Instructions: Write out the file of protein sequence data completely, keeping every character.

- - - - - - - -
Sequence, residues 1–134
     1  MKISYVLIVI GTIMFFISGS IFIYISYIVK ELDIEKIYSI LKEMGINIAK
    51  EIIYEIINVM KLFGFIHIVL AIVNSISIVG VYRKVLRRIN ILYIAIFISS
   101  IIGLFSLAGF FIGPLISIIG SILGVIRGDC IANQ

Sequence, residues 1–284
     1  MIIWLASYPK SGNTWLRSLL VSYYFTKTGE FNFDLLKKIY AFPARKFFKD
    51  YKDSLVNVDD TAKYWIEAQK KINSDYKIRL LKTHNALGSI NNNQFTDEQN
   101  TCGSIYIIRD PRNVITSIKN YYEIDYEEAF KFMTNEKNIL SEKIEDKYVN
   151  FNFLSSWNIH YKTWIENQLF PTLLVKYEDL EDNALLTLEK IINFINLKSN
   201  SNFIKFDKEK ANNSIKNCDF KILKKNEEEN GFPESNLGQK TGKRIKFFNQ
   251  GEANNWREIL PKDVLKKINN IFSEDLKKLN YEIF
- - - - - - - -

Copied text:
Sequence, residues 1–134
     1  MKISYVLIVI GTIMFFISGS IFIYISYIVK ELDIEKIYSI LKEMGINIAK
    51  EIIYEIINVM KLFGFIHIVL AIVNSISIVG VYRKVLRRIN ILYIAIFISS
   101  IIGLFSLAGF FIGPLISIIG SILGVIRGDC IANQ

Sequence, residues 1–284
     1  MIIWLASYPK SGNTWLRSLL VSYYFTKTGE FNFDLLKKIY AFPARKFFKD
    51  YKDSLVNVDD TAKYWIEAQK KINSDYKIRL LKTHNALGSI NNNQFTDEQN
   101  TCGSIYIIRD PRNVITSIKN YYEIDYEEAF KFMTNEKNIL SEKIEDKYVN
   151  FNFLSSWNIH YKTWIENQLF PTLLVKYEDL EDNALLTLEK IINFINLKSN
   201  SNFIKFDKEK ANNSIKNCDF KILKKNEEEN GFPESNLGQK TGKRIKFFNQ
   251  GEANNWREIL PKDVLKKINN IFSEDLKKLN YEIF